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Research

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Publication details for Dr Gerald Moore

Moore, Gerald (2013). Embers of the Sublime: Sacrifice and the Sensation of Existence. The Senses and Society 8(1): 37-49.

Author(s) from Durham

Abstract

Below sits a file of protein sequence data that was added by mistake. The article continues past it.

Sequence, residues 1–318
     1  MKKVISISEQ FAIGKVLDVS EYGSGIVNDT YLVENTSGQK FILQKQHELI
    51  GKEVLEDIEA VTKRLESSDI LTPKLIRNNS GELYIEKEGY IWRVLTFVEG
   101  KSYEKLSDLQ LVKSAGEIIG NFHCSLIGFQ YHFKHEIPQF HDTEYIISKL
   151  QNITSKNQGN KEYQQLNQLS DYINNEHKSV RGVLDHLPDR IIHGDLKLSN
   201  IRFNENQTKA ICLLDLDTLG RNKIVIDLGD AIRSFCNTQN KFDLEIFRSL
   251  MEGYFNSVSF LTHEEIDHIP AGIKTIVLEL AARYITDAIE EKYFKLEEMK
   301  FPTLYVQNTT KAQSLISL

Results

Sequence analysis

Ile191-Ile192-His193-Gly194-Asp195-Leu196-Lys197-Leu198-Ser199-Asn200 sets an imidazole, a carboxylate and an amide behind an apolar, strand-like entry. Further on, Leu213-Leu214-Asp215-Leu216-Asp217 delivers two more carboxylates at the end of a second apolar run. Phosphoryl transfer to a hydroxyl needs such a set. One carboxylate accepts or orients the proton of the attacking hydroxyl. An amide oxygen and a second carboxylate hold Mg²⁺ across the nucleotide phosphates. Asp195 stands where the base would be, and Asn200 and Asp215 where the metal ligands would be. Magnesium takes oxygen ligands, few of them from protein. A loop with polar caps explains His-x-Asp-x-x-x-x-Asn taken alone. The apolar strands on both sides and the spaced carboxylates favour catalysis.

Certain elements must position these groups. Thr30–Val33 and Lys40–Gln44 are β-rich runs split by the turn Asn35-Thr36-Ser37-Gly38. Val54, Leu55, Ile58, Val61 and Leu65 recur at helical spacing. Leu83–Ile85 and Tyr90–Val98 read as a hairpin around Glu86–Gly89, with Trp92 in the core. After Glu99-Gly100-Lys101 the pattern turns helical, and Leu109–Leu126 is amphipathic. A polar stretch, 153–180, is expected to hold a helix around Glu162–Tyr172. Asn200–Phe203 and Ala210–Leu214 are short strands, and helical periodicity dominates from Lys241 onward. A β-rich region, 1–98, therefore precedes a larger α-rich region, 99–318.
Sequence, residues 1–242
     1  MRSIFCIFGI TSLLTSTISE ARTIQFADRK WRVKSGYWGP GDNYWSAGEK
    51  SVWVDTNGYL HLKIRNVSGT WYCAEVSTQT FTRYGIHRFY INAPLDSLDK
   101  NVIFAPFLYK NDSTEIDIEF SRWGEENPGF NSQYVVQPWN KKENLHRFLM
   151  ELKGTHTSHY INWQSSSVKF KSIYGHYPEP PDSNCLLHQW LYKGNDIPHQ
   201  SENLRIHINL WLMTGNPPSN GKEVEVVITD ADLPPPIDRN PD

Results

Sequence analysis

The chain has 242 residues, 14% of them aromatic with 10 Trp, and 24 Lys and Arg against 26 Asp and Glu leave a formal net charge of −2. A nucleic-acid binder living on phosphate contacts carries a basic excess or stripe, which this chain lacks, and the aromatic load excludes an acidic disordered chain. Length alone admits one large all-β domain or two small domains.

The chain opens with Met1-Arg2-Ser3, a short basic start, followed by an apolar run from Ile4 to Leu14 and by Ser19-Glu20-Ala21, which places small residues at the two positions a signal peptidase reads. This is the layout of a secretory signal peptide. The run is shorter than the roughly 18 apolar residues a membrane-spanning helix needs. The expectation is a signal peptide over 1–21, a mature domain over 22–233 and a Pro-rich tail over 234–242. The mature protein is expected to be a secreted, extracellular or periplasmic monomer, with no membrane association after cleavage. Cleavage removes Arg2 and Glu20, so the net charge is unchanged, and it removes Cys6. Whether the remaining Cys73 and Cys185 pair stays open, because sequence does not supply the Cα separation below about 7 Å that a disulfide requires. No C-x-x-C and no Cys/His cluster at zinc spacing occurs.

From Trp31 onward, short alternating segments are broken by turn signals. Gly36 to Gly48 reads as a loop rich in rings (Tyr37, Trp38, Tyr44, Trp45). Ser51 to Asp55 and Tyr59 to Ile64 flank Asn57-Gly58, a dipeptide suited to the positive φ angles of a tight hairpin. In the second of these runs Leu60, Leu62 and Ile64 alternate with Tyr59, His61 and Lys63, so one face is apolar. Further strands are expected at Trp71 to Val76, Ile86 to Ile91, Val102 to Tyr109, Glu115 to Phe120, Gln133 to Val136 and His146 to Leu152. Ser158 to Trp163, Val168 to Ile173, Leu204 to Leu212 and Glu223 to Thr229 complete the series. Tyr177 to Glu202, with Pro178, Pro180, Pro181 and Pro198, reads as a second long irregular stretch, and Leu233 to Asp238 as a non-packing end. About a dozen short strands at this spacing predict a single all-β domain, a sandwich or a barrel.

In The Inner Touch: Archaeology of a Sensation (2007), Daniel Heller-Roazen traces the history of what one might call a feeling of being alive, before drawing attention to twentieth-century philosophers' fascination with an apparent dimming of vitality. The work of Jean-Luc Nancy offers something of an exception to this, since what Nancy has called the “withdrawal of the gods” exposes us to an end of sensation that also renews it, by revealing “sense” to consist in our “sublime” and joyful exposure to nothing. In his reworking of the Kantian sublime, Nancy diagnoses sacrifice, in particular, as a disenchanting relic of metaphysics, which contaminates and attenuates any prospective encounter with our sublime finitude. But there is a crucial ambiguity over what this reworking entails. Nancy seems to imply the prospect of increasingly coming into contact with a sublime “évanouissement du sensible,” a fading away of the sensible encountered at the limits of experience. In saying this, he comes into contact with what Bernard Stiegler has described as a “catastrophe du sensible”—a vitiation of affect that is anything but sublime, and which, following the mass-murderer Richard Durn, he identifies with “the loss of the feeling of existing [la perte du sentiment d'exister].”